MacArthur is an extremely controversial general. However, according to historian William Manchester, MacArthur shares the distinction of capturing more miles of territory in the Pacific Theater with fewer casualties than any other general in the war. His early decisions at the outbreak of the war in the Philippines were flawed. However, he quickly got his act together and successfully evacuated his soldiers to the Bataan Peninsula and Corregidor Island. By doing this, he kept his soldiers fighting the Japanese for about five months. American forces on the Philippines held out against the Japanese longer than allied forces in Singapore, Hong Kong, Wake Island, and everywhere else in the Pacific. MacArthur deserved to be relieved for the way he treated President Truman in Korea. However, in his defense he pulled off a magnificent maneuver during the Inchon Landing. In retrospect, not using nuclear weapons was the correct thing to do in this war. However, it was not clear at the time and MacArthur had a point of view that was shared by many.
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Old 05-27-2019, 09:15 AM
 
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They forgot to mention George Custer.
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Old 05-27-2019, 09:42 AM
 
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List put together by amateurs. Grant was a terrible general who wasted lives. Had he not had the immense industrial and manpower of the North to refill his ranks, he would have lost. Lee could not replace his losses while Grant could. Giving Grant great credit for his generalship is like giving the guy with a minigun credit against a musket.

Macarthur was actually an outstanding general. His mistake was assuming Truman would be willing to use total force against the Chinese to keep them out of the war. In failing to do so, Truman let down the world in a manner that extends to today. Macarthur should not have argued with Truman, but Truman felt Macarthur would be a unbeatable political opponent in the next election. It was politics of the highest order, not generalship that got Macarthur.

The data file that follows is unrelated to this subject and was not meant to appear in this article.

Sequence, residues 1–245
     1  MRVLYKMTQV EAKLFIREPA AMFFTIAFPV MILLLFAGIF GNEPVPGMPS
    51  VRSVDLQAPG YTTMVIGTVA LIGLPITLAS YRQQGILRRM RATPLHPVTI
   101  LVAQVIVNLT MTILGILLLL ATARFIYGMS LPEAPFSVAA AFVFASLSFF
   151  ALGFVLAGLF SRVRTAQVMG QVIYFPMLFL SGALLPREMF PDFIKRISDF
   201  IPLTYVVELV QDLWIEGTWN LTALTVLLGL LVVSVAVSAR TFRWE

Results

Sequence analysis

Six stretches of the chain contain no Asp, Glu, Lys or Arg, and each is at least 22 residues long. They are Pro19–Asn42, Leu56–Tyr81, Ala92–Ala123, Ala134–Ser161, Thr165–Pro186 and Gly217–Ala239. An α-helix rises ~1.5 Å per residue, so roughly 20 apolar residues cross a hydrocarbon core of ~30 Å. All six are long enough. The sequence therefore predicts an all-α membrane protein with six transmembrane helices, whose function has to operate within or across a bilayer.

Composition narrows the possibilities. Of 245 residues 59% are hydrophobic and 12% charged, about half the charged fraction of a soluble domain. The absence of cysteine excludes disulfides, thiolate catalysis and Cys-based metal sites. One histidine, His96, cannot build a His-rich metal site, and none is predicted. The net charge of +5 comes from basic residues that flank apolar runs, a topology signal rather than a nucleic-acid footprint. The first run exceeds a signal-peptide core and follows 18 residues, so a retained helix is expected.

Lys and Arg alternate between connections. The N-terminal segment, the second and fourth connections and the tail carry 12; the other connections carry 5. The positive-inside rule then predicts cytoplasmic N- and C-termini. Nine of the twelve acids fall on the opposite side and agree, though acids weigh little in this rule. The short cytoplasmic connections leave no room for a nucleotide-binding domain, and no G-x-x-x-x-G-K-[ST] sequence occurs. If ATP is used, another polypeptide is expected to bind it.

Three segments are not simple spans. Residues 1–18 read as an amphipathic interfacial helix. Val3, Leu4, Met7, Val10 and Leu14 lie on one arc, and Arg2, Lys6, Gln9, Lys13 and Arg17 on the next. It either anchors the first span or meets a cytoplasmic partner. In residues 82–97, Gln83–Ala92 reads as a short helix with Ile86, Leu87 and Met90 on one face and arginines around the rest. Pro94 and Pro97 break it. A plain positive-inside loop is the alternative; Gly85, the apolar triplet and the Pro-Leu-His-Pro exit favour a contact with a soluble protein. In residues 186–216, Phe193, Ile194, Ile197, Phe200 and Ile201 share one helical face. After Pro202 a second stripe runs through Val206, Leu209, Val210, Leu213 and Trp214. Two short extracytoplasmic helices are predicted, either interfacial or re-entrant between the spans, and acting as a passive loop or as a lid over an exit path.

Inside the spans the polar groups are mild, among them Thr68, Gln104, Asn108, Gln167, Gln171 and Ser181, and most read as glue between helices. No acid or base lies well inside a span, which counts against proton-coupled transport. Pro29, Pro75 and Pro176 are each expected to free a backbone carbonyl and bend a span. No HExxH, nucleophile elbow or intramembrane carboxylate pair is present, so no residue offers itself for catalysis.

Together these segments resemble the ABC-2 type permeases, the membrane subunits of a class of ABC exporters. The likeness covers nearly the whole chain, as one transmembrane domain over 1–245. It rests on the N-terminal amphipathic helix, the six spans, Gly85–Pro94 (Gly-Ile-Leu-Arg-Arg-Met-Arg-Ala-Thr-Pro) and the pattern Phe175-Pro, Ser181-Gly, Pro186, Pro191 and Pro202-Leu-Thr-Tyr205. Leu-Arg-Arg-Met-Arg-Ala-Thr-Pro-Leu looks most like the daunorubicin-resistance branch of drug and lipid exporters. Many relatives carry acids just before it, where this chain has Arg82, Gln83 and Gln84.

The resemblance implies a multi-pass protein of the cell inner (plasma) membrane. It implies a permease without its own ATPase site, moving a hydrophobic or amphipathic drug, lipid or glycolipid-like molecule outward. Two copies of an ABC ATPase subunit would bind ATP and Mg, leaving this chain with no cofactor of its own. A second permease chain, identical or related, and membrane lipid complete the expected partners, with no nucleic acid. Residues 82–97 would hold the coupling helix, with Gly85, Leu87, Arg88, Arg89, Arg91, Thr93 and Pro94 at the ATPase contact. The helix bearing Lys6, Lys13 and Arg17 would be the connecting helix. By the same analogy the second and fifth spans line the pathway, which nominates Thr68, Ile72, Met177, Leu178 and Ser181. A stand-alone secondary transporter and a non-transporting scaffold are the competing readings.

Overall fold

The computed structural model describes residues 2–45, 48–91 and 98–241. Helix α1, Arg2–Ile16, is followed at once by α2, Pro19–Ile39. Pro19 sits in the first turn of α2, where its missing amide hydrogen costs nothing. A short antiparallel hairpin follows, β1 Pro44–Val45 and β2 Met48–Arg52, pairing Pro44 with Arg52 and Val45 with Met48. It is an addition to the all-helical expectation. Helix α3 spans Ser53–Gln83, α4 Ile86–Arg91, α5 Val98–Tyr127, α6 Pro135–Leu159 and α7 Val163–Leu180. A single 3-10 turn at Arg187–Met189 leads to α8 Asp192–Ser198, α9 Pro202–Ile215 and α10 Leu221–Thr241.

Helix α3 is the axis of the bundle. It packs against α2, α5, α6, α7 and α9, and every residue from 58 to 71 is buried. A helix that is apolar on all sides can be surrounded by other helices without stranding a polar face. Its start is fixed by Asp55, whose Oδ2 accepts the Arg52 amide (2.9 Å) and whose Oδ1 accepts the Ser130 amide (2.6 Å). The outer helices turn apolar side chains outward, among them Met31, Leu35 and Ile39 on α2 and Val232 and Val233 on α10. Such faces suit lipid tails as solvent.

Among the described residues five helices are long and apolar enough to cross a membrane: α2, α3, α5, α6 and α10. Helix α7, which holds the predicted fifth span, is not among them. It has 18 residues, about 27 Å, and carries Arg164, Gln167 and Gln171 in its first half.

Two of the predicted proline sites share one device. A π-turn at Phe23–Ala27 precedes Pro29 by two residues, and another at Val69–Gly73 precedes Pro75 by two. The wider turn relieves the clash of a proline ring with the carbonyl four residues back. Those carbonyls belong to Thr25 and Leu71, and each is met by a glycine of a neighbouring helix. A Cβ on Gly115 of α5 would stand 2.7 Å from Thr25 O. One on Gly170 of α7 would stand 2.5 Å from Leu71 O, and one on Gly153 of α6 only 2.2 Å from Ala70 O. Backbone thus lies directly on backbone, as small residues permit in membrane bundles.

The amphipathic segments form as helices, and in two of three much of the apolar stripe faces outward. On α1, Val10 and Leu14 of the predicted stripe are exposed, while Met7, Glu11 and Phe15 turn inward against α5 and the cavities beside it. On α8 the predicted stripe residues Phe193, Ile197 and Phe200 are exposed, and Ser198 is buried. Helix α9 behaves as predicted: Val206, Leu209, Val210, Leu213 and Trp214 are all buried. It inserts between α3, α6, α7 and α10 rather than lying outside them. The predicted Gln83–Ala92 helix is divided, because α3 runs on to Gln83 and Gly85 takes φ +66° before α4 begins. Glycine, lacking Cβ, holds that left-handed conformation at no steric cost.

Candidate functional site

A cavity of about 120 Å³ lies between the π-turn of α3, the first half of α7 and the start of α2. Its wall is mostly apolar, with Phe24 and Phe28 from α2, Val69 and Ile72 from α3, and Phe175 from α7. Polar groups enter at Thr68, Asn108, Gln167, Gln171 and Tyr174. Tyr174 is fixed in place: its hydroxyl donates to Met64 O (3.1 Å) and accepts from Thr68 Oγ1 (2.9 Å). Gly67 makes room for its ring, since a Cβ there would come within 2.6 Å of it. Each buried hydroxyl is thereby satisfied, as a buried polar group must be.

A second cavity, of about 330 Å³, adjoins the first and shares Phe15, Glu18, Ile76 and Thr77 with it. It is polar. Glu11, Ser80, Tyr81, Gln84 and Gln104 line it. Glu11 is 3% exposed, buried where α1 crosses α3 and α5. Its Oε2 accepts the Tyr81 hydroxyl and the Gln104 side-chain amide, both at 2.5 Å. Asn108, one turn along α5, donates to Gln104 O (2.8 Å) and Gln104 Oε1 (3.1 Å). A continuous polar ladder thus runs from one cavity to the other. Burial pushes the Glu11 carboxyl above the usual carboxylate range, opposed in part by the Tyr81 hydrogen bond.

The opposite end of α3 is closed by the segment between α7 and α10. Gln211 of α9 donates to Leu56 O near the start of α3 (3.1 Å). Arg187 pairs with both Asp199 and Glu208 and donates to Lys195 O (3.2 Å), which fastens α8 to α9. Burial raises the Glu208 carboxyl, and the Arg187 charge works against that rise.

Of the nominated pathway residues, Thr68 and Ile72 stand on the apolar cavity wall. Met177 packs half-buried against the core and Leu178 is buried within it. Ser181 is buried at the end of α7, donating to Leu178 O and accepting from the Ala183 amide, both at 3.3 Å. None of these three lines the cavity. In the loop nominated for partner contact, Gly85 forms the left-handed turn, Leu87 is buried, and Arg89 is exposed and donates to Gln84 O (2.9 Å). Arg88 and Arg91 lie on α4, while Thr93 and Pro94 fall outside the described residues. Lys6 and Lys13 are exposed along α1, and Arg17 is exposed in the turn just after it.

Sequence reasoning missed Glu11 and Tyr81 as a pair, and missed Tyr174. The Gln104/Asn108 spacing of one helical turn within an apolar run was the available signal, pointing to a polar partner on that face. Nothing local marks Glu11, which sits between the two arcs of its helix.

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Old 05-27-2019, 10:14 AM
 
582 posts, read 122,130 times
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Quote:
Originally Posted by marino760 View Post
They forgot to mention George Custer.
If you're referring to the Little Bighorn debacle, that was led by Lieutenant Colonel Custer.

Custer held wartime ranks of general in the U.S. Volunteers and ranks of brevet general in the Army. In 1865 he was reverted to a rank of captain, then promoted to lieutenant colonel in 1866, a rank he still held at his death.
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Old 05-27-2019, 10:17 AM
 
Location: Nantahala National Forest, NC
26,809 posts, read 5,726,538 times
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Quote:
Originally Posted by markg91359 View Post
Its easy to judge from the comfortable distance of history. Some of these men though deserve a defense.

McClellan was not a terrible general. He just simply lacked the willingness to take the risks necessary to defeat the confederates. There are several things though he did that were important and useful. He instituted training for the soldiers of the Grand Army of the Potomac that helped make them a real fighting force. McClellan was loved by his men because he got them the supplies and equipment that they needed. He refused to risk their lives when he felt he didn't have adequate military intelligence about what his enemies were doing. Many people forget that he stopped the confederate army at the Battle of Antietam when they were advancing across Maryland. No military disaster can be laid at McClellan's feet. After Lincoln relieved him in 1862, he actually put him back in charge of the Army of the Potomac after experimenting with a couple of other bad commanders. McClellan wasn't going to win the Civil War, but he committed no major military blunders.

Lloyd Fredenhall was placed in the unenviable position of commanding inexperienced troops that had never fought the Germans before. The battle of Kasserine Pass was a loss for Americans, but it was not a large enough loss to be a catastrophe. What Fredenhall's superiors understood though was that they needed not only a change of command, they needed a change in the whole tone of American operations. George Patton provided that change.






MacArthur is an extremely controversial general. However, according to historian William Manchester, MacArthur shares the distinction of capturing more miles of territory in the Pacific Theater with fewer casualties than any other general in the war. His early decisions at the outbreak of the war in the Philippines were flawed. However, he quickly got his act together and successfully evacuated his soldiers to the Bataan Peninsula and Corregidor Island. By doing this, he kept his soldiers fighting the Japanese for about five months. American forces on the Philippines held out against the Japanese longer than allied forces in Singapore, Hong Kong, Wake Island, and everywhere else in the Pacific. MacArthur deserved to be relieved for the way he treated President Truman in Korea. However, in his defense he pulled off a magnificent maneuver during the Inchon Landing. In retrospect, not using nuclear weapons was the correct thing to do in this war. However, it was not clear at the time and MacArthur had a point of view that was shared by many.

Just read a lengthy bio on MacArthur and I agree with you...